- Advertisement -

A World Bank report has found that unless urgent action is taken to reduce global emissions and bridge the development gap, climate change could cause more than 200 million people to leave their homes and migrate over the next three decades. to create hot spots.


second part of groundswell report good Published on Monday examined how the effects of slow-onset climate change such as water scarcity, reduced crop productivity and rising sea levels could separate millions of people described as “climate migrants” by 2050. -Can be carried under three different scenarios with varying degrees. development.

- Advertisement -

Under the most pessimistic scenario, with high levels of emissions and uneven growth, the report estimates that 216 million people are moving to their own countries in the six regions analyzed. Those regions are Latin America; North Africa; Sub-Saharan Africa; Eastern Europe and Central Asia; South Asia; and East Asia and the Pacific.

In the most climate-friendly scenario, with low levels of emissions and inclusive, sustainable development, the world could still see 44 million people forced to leave their homes.

FILE – Icebergs from the Cermek Kujallek Glacier (background) float in the Ilulissat Icefjord in Ilulissat, Greenland, on September 05, 2021, amid global warming.

related: More than 200 medical journals warn that climate change is the ‘greatest threat to global health’

“The findings confirm the power of climate to drive migration within countries,” said Vivian Wei Chen Clement, a senior climate change expert at the World Bank and one of the report’s authors.

The report did not look at the short-term effects of Climate change, such as the effects of extreme weather events, and did not look at climate migration across borders.

In a worst-case scenario, sub-Saharan Africa – the region most vulnerable to desertification, fragile coastlines and the population’s reliance on agriculture – will see the most migrants, with 86 million people moving within national borders.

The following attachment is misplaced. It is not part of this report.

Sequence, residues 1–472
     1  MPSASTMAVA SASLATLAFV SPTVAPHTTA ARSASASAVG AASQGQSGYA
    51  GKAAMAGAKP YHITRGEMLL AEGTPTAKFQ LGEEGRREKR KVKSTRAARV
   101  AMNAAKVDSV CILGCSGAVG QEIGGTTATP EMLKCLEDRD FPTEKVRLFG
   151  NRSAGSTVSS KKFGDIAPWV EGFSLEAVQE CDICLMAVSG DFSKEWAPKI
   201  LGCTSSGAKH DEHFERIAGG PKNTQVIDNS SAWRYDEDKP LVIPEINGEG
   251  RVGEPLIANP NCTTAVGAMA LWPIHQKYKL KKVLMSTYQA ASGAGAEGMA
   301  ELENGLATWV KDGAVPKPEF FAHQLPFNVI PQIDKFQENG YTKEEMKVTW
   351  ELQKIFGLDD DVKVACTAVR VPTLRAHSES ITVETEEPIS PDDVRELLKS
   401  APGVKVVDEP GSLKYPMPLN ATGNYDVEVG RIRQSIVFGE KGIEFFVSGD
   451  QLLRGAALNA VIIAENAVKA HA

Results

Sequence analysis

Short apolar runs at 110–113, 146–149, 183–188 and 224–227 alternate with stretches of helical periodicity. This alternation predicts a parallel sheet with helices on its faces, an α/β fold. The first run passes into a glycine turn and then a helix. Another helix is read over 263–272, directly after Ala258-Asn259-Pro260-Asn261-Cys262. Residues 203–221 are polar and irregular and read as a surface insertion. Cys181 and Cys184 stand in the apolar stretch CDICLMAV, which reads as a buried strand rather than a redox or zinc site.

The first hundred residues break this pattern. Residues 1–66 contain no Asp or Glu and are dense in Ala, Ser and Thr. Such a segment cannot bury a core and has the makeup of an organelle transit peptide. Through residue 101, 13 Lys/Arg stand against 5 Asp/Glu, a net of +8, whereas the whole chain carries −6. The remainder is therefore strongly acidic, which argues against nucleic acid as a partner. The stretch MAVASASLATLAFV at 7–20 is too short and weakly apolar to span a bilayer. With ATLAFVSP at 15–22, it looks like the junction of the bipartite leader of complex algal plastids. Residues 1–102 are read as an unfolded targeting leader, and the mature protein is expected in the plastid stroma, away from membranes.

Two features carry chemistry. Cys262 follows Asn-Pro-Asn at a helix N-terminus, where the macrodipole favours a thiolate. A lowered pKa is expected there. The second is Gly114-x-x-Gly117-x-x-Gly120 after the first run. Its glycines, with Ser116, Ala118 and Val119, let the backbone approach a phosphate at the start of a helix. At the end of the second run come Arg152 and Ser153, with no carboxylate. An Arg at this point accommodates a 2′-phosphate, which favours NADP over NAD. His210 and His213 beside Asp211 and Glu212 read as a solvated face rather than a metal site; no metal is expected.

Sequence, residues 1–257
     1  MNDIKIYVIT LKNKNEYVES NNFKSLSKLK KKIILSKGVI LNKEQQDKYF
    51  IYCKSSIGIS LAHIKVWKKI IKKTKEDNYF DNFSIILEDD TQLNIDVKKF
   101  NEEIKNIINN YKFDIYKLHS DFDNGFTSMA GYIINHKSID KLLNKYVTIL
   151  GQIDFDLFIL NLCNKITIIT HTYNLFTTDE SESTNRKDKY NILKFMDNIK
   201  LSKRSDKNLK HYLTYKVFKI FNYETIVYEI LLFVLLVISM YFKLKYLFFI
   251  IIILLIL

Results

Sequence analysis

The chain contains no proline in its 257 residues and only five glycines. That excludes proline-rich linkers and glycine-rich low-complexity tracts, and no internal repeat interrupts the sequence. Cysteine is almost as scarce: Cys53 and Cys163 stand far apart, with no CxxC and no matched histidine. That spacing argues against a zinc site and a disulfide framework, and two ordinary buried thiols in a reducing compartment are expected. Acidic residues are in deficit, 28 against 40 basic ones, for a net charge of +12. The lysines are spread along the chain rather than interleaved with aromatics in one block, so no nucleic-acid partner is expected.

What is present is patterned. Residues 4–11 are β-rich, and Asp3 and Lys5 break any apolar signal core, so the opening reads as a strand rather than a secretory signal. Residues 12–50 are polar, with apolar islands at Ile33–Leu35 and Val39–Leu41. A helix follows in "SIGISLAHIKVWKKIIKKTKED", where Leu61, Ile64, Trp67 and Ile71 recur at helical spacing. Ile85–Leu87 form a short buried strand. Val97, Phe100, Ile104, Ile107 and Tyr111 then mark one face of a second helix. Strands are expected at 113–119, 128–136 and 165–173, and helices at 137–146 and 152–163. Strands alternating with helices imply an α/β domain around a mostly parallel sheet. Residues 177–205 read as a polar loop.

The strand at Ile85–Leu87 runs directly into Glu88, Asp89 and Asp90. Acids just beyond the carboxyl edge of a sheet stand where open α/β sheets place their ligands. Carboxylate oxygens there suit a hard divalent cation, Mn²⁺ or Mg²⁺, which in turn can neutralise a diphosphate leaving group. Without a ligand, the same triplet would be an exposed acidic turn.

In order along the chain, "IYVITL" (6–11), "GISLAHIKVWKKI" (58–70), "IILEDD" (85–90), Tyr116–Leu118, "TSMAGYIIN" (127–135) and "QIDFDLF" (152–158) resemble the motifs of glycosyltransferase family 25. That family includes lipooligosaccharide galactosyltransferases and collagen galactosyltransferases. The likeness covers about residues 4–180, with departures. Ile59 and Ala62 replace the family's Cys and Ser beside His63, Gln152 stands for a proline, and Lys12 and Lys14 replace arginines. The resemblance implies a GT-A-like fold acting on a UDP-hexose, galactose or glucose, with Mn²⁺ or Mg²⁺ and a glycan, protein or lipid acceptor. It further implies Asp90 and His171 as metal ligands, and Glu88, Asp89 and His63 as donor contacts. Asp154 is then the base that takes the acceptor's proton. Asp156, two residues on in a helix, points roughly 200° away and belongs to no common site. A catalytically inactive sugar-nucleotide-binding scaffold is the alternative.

However, North Africa is predicted to have the largest proportion of climate migrants, with 19 million people moving in, equivalent to about 9% of its population, mainly due to northeastern Tunisia, northwestern Algeria, western and southern There is a shortage of water in Morocco. Central Atlas Foothills, the report said.

related: UN says air quality briefly improved amid 2020 COVID-19 lockdown

In South Asia, Bangladesh is particularly affected by floods and crop failure, accounting for nearly half of the estimated climate migrants, with 19.9 million people, including an increasing number of women, moving under a pessimistic scenario by 2050. .

“This is our human reality right now and we are concerned that it is going to get worse, where the vulnerability is more acute,” said Prof. Maarten van Aalst, who was not involved with the report.

Many scientists say the world is no longer on a worst-case path for emissions. But even under a more moderate scenario, van Aalst said that many impacts are now happening faster than previously thought, “including the extremes we are already experiencing, as well as the potential impacts of migration and displacement.” also included.”

While the impact of climate change on migration is not new, it is often part of a combination of factors driving people to move, and acts as a threat multiplier. People affected by conflict and inequality are also more vulnerable to the effects of climate change because they have limited means of adaptation.

related: United States to face hottest summer on record in 2021, says NOAA

“Globally we know that three out of four people live within the country,” said Dr. Kanta Kumari Rigaud, World Bank’s leading environmental expert and co-author of the report.

The report also warned that migration hot spots could appear within the next decade and intensify by 2050. There needs to be planning in the areas where people will move, and the areas that go to help the people who live.

Suggested actions were to “achieve net zero emissions by mid-century with a chance to limit global warming to 1.5 °C” and invest in development that is “green, resilient and inclusive, in line with the Paris Agreement.”

Clement and Rigaud warn that the worst-case scenario is still plausible if collective action to reduce greenhouse gas emissions and invest in development is not taken soon, especially over the next decade.